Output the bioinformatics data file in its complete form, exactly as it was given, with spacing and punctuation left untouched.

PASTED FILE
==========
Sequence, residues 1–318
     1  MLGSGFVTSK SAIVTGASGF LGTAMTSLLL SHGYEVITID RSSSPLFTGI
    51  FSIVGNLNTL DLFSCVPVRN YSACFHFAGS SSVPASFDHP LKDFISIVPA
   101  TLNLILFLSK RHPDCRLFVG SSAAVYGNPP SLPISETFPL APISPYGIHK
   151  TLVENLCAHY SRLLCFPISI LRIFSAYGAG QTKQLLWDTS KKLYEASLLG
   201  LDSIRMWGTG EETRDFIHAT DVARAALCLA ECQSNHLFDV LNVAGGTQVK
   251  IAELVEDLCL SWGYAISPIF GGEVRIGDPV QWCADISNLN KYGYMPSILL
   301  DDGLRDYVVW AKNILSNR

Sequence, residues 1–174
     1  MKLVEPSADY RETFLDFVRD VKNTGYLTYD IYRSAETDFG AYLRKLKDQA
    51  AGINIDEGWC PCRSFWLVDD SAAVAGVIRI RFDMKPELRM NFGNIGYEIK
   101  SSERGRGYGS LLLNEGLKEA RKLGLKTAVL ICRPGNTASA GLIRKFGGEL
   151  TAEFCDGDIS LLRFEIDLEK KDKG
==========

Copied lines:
Sequence, residues 1–318
     1  MLGSGFVTSK SAIVTGASGF LGTAMTSLLL SHGYEVITID RSSSPLFTGI
    51  FSIVGNLNTL DLFSCVPVRN YSACFHFAGS SSVPASFDHP LKDFISIVPA
   101  TLNLILFLSK RHPDCRLFVG SSAAVYGNPP SLPISETFPL APISPYGIHK
   151  TLVENLCAHY SRLLCFPISI LRIFSAYGAG QTKQLLWDTS KKLYEASLLG
   201  LDSIRMWGTG EETRDFIHAT DVARAALCLA ECQSNHLFDV LNVAGGTQVK
   251  IAELVEDLCL SWGYAISPIF GGEVRIGDPV QWCADISNLN KYGYMPSILL
   301  DDGLRDYVVW AKNILSNR

Sequence, residues 1–174
     1  MKLVEPSADY RETFLDFVRD VKNTGYLTYD IYRSAETDFG AYLRKLKDQA
    51  AGINIDEGWC PCRSFWLVDD SAAVAGVIRI RFDMKPELRM NFGNIGYEIK
   101  SSERGRGYGS LLLNEGLKEA RKLGLKTAVL ICRPGNTASA GLIRKFGGEL
   151  TAEFCDGDIS LLRFEIDLEK KDKG